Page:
Easter Island, also known as Rapa Nui, lies in the South Pacific Ocean, about 3,700 km (2,300 miles) west of the Chilean coast. Studded with giant carve statues that gaze, trance like, over the Pacific, it is of considerable archaeological importance. The first European visitors, the Dutch, named it Paaseiland ("Easter Island") after their own day of arrival in 1722. Its mixed population is predominantly Polynesian and live in the village of Hanga Roa on the sheltered west coast. The island is formed of three extinct volcanoes and about 600 megalithic statues still stand on the island, varying in height from 3 to 12 m (10 to 40 ft). Carved from a soft volcanic rock, they consist of huge heads with elongated ears and noses. There are also the ruins of giant stone platforms (ahus) with open courtyards on their landward sides. Excavations have also disclosed hidden caves containing decayed remains of tablets and wooden images, and numerous small wooden sculptures. The tablets are covered with finely carved and stylized figures, which seem to be a form of picture writing.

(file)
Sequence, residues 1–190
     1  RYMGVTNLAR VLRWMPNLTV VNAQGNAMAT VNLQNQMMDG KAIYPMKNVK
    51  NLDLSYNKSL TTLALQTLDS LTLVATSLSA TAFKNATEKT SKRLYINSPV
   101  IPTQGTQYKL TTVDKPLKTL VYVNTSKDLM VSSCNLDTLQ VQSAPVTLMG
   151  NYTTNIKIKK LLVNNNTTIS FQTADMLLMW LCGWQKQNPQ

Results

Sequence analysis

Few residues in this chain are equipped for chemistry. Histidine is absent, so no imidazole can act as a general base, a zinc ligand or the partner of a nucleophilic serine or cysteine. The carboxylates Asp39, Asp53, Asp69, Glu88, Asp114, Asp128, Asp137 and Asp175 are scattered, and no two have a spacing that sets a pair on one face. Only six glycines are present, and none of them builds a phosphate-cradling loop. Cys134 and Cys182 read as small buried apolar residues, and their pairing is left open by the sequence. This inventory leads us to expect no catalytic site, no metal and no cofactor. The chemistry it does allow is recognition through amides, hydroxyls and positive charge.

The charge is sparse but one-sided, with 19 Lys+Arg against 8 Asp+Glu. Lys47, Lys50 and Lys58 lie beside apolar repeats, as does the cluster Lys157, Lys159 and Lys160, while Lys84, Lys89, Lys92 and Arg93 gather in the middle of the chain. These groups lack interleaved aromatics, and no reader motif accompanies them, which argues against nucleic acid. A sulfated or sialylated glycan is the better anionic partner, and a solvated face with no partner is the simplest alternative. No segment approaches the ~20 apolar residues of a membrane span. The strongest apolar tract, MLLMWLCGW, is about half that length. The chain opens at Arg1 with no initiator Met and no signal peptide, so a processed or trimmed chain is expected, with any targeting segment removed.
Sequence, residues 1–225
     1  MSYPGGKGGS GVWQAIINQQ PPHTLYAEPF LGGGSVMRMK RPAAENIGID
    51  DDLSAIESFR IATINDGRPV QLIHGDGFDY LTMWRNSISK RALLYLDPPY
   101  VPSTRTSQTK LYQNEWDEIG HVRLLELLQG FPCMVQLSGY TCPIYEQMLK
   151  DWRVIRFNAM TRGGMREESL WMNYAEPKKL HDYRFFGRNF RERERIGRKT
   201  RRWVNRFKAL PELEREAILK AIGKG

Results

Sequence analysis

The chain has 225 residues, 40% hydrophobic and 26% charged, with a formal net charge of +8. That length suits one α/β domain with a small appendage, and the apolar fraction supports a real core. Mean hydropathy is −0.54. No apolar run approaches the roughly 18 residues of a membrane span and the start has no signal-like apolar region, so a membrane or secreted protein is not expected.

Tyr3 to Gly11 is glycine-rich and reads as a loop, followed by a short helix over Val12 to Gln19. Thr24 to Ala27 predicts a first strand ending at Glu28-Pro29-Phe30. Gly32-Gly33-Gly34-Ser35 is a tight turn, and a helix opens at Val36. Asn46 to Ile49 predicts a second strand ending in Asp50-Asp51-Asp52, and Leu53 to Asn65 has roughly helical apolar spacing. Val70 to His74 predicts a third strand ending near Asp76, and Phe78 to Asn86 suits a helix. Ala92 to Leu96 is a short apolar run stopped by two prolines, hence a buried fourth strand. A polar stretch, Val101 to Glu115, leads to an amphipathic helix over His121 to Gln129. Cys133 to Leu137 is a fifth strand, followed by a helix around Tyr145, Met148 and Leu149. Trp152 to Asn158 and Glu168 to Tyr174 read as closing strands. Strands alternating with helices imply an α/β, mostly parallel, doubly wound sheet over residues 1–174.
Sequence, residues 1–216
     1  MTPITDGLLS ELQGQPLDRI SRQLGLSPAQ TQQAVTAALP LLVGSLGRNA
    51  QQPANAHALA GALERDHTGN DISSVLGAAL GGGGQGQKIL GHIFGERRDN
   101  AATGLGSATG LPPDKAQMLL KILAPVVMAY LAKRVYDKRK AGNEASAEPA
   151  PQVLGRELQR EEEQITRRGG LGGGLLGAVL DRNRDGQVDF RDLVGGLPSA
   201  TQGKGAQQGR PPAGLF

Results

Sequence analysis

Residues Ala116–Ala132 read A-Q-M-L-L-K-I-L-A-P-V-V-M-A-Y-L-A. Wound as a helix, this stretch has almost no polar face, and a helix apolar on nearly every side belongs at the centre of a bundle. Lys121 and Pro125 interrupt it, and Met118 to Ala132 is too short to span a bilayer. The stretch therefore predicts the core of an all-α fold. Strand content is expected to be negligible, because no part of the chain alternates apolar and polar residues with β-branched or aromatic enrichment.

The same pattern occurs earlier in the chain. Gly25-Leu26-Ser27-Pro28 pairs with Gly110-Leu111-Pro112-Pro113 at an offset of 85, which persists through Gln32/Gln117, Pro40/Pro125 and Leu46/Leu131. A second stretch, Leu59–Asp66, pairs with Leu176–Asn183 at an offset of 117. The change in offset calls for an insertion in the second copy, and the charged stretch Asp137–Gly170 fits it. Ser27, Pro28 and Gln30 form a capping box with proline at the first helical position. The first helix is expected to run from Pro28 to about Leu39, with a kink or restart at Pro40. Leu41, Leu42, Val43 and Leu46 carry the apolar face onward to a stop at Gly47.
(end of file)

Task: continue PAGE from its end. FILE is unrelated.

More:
Very little is known about the people who made the megaliths and carved the wooden tablets. Archaeological and botanical evidence suggests that the island's original inhabitants were of South American origin. The ancestors of the present Polynesian population are thought to have travelled in canoes from the Marquesas Islands, massacred the inhabitants, and made the island their home. In 1722, when the first Europeans arrived, several thousand Polynesians inhabited the island, but disease and raids by slave traders reduced the number to fewer than 200 by the late 19th century. Now it is nearly 3,000. The island was taken over by the Chilean government in 1888.
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